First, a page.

Cherry Tree: A National Literary Journal @ Washington College invites writers to submit their best poetry, fiction, nonfiction, and literary shade. This last category, as described in the journal’s submission guidelines is a call for:
poems, short stories, or essays that throw shade at the institutions that have whitewashed our literature and history, be they laws or events of texts authored by dead old cisgender white supremacist misogynistic homophobes.
The specific instructions have resulted in pieces of valuable work that cast shade on harmful tradition, racism, discrimination, and the current administration while simultaneously putting society’s atrocities and negligence under a glaring lightbulb. The literary shade category runs the emotional gamut in a number of heart-rending ways. Julie Marie Wade’s affecting villanelle “The Game of Life” demonstrates learned behavior with regard to gender stereotypes and explains, “This is how it feels to be living in a typo,” tossing a specter of gloom over laws that prevent same-sex marriage. Jenn Leiker’s short story “Stitched,” an account of human compassion at an event bound by racist and misogynist institutions where the protagonist, Pranav, on his 30th birthday, makes the biggest tips of the year waiting on expats. The category, plus the equally high quality of the works of poetry, fiction, and nonfiction, make this issue significant and remarkable.
Samuel Taylor Coleridge famously defined prose and poetry: “prose—words in their best order; poetry—the best words in their best order.” In the case of the prose selections in this issue of Cherry Tree, prose and poetry definitions are interchangeable. The pieces of fiction and nonfiction show that skillful writers have chosen language carefully and purposefully in their quests to tell important stories.
One tightly crafted piece in this issue is Michelle McGurk’s “Uncle Peter,” which contains prose that is pleasantly disorienting while telling a family’s story. The branches of the family tree blow in different winds, and it becomes somewhat less important who is related to or sleeping with whom than it is that there is love and caring amidst the truths and lies told by each character. Felix is the narrative center who observes changes in the family structure in relation to Uncle Peter who comes and goes in the lives of Felix, his brother, and mother. Peter is the title character who moves in and out of the other characters’ lives and yet affects their lives the most. McGurk’s lyrical prose enchants, like a fairy tale, with dark themes lying just under the story of a family’s evolution.
Other tightly woven prose pieces appear throughout the issue, conveying urgent and timeless themes that affect human relationships and carve out different lives. Berry Grass explains that “there’s a difference between childhood and survival” and as a child, “my biggest dream was to escape,” in “Regent Spring,” a short nonfiction piece filled with associations, metaphors, and a bit of American history. In Ellen Davis Sullivan’s “The Lady Next Door,” everything that makes up a life dissolves in the face of encroaching dementia for Frances, the main character. Moving through daily scenes and memories, it becomes increasingly evident that Frances is having difficulty coping with the changes coming over her. During one conversation, “Frances just smiled, unable to follow it all. This happened more and more often lately.” Her mind attempts to fill in gaps in reality over a few days in an emotional and distressing story of what happens to someone afflicted with dementia. Meticulous, necessary prose is a common denominator in all of the selections in this issue.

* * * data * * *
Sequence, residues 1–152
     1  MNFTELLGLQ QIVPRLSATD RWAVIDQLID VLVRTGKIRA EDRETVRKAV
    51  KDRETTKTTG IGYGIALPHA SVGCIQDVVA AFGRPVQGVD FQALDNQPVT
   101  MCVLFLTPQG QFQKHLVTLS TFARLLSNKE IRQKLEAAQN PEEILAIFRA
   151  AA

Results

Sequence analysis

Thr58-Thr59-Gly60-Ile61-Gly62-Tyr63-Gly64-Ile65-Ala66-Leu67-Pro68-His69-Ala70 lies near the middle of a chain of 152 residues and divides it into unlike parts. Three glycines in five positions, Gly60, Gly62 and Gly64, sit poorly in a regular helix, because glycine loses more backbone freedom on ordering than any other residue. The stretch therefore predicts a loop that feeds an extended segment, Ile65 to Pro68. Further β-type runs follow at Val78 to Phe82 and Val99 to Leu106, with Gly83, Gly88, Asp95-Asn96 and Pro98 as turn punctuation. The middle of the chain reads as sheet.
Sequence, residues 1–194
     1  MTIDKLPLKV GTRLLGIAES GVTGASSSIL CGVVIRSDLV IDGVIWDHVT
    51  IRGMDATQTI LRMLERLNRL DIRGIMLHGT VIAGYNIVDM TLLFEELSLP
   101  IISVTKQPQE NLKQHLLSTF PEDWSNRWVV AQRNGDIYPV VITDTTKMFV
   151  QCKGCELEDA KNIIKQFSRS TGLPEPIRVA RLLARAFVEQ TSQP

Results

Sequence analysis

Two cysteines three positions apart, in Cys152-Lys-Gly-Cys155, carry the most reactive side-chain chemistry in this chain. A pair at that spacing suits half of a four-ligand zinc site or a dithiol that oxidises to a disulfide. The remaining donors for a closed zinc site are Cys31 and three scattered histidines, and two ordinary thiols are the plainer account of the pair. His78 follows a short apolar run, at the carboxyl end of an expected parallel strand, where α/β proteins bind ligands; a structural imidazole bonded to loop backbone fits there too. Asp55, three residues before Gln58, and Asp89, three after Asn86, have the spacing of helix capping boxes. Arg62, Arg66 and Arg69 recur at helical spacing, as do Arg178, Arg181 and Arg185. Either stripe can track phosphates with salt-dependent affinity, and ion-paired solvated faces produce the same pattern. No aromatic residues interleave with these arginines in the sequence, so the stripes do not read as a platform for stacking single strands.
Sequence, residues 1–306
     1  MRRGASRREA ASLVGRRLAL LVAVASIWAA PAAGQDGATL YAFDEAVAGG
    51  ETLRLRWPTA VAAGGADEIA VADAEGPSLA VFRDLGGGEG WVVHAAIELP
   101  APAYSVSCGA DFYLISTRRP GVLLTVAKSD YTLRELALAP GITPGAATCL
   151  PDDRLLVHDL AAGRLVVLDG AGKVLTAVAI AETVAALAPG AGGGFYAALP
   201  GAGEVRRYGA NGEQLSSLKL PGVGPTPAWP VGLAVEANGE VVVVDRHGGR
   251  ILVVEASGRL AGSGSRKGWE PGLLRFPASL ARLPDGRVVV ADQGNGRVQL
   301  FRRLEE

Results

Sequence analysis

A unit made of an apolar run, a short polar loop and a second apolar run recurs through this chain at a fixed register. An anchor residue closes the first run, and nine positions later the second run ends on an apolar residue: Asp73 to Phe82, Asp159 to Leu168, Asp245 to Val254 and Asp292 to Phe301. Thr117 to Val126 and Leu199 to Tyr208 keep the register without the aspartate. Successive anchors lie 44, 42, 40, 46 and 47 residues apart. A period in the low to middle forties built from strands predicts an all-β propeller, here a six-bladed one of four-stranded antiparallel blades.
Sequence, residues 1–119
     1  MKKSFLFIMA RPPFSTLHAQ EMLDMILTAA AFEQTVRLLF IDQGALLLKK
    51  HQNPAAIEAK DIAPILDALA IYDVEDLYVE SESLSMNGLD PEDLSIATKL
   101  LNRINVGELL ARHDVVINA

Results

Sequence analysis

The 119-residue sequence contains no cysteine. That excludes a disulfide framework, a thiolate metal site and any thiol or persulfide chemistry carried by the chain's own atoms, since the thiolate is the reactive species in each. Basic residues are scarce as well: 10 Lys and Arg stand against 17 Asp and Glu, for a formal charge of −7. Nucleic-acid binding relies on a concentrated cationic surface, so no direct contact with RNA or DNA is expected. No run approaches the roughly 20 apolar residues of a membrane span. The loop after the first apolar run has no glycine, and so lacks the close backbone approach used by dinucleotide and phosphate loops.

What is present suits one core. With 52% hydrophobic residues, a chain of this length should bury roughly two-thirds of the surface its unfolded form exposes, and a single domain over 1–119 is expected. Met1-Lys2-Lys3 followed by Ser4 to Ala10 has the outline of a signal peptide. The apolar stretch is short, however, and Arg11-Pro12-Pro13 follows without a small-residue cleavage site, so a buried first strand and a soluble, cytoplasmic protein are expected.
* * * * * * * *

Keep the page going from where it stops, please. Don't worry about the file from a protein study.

The poetry selections also adhere to Coleridge’s definition. In so many of the poems, there is a sense of loss, be it family, memory, or belief. Jan Beatty’s “Stormday” asks “What would it be like to be stormless?” Evoking John Muir’s idea “That trees are travelers, in an ordinary sense,” the poem questions the associations Muir attributes to nature and proposes that life without storms “wouldn’t be life.” The questioning creates a tone of panic and despair, an anxiety for losing what we are bound to lose over time: associations, moments, minutes, and years.
In another poem of loss, “After Reading Sally Mann’s Memoir,” Jessica Murray explores memories captured in photographs that spawn new memories unrelated to the moment a photo was taken. The speaker reveals that “photography is mechanized forgetting. What’s fluid in time / reduced to a still point, obliterated.” When we think we are preserving memories we are in fact cementing our forgetting them, and the memory ”can be replayed to what use to no end.” One thematic conclusion is that we live mechanized lives that we are desperate to forget. The poems in this issue fill the voids in our lives with a communal feeling of loss and remembrance.
The compilation of work in this issue of Cherry Tree reaches a high standard of literary excellence with pieces of staggering importance to the realities of modern society in 2018. In inspiring creativity with attention to both form and function, each piece portrays aspects of the current state of the world and concedes to the damage that’s been done by institutions and individuals that has succeeded in rendering us helpless to its manifestations at so many different levels of our lives. There is a catharsis in this issue that feels as if it is still on the verge of fulfillment, yet we can hope that literature will allow us to purge the hurt, the violence, and the apathy from our lives sooner rather than later.